Assessment of candidate elements for development of spectral photon-counting CT specific contrast agents

Johoon Kim, Daniel Bar-Ness, Salim Si-Mohamed, Philippe Coulon, Ira Blevis, Philippe Douek, David P. Cormode
2018 Scientific Reports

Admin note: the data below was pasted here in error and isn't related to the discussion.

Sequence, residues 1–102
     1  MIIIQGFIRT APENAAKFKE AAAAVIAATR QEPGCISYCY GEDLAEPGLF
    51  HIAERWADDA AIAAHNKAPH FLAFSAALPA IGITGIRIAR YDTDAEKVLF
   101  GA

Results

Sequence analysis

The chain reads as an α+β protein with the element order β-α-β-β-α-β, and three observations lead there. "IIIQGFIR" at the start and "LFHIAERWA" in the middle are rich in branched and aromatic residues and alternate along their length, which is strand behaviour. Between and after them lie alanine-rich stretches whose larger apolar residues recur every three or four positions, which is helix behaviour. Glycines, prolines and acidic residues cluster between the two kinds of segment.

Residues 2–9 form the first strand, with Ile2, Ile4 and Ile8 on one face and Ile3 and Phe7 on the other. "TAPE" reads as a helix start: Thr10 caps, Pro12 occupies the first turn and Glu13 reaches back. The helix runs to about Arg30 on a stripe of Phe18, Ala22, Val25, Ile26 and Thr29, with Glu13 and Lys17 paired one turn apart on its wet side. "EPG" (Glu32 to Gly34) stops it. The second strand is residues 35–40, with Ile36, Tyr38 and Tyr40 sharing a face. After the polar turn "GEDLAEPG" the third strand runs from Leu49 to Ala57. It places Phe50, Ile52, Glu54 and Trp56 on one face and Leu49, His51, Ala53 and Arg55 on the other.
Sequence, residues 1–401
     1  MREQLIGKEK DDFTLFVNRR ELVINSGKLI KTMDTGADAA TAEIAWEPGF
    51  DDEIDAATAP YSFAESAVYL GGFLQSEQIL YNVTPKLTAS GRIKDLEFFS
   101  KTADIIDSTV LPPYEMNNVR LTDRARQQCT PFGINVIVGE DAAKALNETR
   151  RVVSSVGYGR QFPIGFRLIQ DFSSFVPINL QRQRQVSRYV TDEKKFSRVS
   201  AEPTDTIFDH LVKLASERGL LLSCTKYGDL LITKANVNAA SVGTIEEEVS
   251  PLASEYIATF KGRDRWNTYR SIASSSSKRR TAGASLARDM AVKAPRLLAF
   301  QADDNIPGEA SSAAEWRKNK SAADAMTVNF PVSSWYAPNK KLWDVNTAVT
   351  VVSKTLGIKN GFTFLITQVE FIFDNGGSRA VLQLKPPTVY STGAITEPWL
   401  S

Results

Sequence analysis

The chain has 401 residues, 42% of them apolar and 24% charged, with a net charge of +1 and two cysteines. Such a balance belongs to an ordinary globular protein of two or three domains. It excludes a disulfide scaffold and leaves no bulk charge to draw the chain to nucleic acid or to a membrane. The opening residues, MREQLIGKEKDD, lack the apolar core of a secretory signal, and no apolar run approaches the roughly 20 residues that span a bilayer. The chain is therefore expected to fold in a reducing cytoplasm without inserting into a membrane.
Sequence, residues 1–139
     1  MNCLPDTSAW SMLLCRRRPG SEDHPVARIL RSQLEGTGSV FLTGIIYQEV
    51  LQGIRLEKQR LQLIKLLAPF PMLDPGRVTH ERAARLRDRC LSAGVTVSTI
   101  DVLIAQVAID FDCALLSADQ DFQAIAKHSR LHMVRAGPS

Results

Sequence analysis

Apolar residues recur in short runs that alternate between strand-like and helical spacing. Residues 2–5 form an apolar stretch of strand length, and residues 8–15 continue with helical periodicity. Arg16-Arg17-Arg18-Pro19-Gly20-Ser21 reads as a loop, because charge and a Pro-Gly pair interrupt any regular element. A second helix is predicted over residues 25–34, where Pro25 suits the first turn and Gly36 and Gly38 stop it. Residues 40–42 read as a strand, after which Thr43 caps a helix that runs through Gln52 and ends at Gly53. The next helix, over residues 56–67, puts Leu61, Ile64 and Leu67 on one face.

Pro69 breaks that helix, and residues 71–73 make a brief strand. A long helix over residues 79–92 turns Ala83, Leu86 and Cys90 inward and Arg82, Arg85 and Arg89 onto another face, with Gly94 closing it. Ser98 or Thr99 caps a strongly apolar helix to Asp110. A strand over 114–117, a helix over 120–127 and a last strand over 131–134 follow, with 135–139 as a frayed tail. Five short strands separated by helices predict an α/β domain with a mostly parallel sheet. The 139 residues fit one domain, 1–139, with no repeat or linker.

Spectral photon-counting computed tomography (SPCCT) is a rapidly emerging imaging modality that provides energy-dependent information on individual x-ray photons, leading to accurate material decomposition and simultaneous quantification of multiple contrast generating materials. Development of SPCCT-specific contrast agents is needed to overcome the issues with currently used iodinated contrast agents, such as difficulty in differentiation from calcified structures, and yield SPCCT's full